The ‘All Eyes on the Amazon’ project, led by Greenpeace and Hivos, fights deforestation, the impacts of extractive industries and defends the rights of local communities. Lorenzo Pellegrini and Murat Arsel from the International Institute of Social Studies (ISS) led the knowledge component of the program in the Ecuadorian and Peruvian Amazon. Oil extraction in these areas has had devastating effects for decades. Arsel: “We want to do scientific work that is useful and make a small contribution to people’s struggles.”
(The All Eyes on the Amazon project ended in September 2022)
The Amazon is known and appreciated for its extremely rich biodiversity. Unfortunately, deforestation, for example because of mining and agriculture, is threatening the ecosystems and the life of local communities. Few people know that the oil industry is also a hazard. Pellegrini and Arsel have seen this with their own eyes in Ecuador, where they have been studying the impact of oil extractions since 2010. “We collaborate closely with local communities to document the effects of oil operations. It’s not hard to see the devastating effects on ecosystems and health”, says Pellegrini. “The local people know this from firsthand, better and long before we can observe it. But often they don’t manage to communicate it in an effective way outside their communities.”
To gather evidence, and communicate the impact of the oil extractions, is the essence of the ‘All eyes on the Amazon’ project. With the use of simple smartphones and consumer drones the project gathers evidence and footage. The researchers work together with many partners like The San Francisco University of Quito and NGO’s such as HIVOS and Greenpeace. The Dutch Postcode Lottery is one of the main funders.
This helped communities to get compensation from oil firms, to push for environmental remediation and on a larger scale to influence laws. “At the moment, the law dictates that oil companies must pay for community monitoring when they open new projects. This was a big success, but now the challenge is compliance with that law”, says Pellegrini. Above all, they want the local communities to benefit. “We want to do excellent scientific work that is useful. This way we can make a small contribution to people’s struggles”, explains Arsel. “I see myself as a scholar who is an activist. We don’t want to be a fly on the wall, but we really want to know what is happening on the ground. Otherwise, the science is not good enough for me.”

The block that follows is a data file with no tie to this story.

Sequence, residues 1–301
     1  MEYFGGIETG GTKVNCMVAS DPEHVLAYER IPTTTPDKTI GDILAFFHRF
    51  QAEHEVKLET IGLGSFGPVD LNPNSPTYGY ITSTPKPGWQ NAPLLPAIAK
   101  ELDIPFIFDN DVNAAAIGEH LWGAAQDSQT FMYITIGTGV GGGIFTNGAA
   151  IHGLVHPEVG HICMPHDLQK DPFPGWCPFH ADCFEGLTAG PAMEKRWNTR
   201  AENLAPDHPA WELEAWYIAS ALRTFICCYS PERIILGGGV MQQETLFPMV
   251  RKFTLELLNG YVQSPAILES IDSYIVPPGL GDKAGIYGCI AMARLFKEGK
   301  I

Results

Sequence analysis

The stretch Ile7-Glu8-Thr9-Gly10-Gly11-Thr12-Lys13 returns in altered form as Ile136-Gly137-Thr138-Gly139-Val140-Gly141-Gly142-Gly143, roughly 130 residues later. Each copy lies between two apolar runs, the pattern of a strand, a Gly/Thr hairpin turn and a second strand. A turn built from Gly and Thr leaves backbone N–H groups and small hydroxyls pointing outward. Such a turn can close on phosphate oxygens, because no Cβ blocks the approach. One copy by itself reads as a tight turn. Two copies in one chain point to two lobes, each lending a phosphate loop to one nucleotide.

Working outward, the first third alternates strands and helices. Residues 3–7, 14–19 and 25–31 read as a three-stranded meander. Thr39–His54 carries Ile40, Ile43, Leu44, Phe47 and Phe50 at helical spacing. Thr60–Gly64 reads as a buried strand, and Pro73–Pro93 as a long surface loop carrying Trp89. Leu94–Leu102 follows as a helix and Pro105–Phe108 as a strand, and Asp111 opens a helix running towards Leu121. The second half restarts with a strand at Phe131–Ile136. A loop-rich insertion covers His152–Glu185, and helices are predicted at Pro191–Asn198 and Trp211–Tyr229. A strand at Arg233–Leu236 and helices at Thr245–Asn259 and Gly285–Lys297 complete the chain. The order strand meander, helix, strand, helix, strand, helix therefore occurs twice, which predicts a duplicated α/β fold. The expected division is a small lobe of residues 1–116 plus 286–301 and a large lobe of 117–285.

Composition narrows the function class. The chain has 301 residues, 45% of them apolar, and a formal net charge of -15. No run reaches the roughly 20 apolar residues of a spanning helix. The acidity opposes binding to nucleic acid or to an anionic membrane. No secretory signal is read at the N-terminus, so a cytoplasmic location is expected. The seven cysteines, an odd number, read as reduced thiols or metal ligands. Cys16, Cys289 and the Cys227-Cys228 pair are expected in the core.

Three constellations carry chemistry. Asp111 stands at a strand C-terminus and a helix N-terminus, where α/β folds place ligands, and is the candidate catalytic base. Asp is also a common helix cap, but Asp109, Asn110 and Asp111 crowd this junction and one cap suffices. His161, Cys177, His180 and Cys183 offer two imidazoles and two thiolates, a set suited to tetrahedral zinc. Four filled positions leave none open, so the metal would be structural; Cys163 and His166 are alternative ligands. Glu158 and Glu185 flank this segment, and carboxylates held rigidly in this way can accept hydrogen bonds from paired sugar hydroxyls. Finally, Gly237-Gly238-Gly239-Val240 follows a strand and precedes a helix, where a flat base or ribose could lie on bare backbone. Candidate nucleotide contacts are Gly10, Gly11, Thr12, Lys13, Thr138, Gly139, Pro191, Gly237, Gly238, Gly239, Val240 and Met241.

That’s why Arsel and Pellegrini want to do more than deliver academic papers. They were involved in developing workshops about how to use drones and smartphones in a more effective way, and to inform local communities about their rights if they get stopped by the police or the security of oil companies. Also, they worked together with director Andrea Marinelli to make a documentary about the project. Pellegrini: “This helped us to reach a whole new audience and cross bridges. I’m very happy with the way it turned out. It’s artistically appealing and we tried to show the beauty of the area and the ugliness of the oil extractions at the same time.”
The documentary was not made to be a piece of propaganda against all companies. The reality is much more complex, both researchers know. There is a lot of resistance against oil extraction, but to their own surprise some local people were still in favor of extracting more oil. Not that they don’t know the negative effects, but they feel it might bring jobs and stability. “We met Maria who became a symbol for this. In essence the Maria’s paradox means; You know it’s bad, but you still want it.”
Pellegrini even compares it to addiction. “It’s the same type of dependence. Oil extraction has been the main economic activity since the 70’s, so you can’t suddenly stop.” Also, the researchers see that oil extraction has been a big part of people’s lives for so long that they can’t imagine an alternative. They emphasize that the goal of their research is not to stop oil extraction. Arsel: “We find it important to think better about where and how to extract the oil and to guarantee reasonable compensation with the view of a general winding up of the whole fossil fuel industry. Also, we wanted to open space for an economy that is not based on oil. There are alternatives.”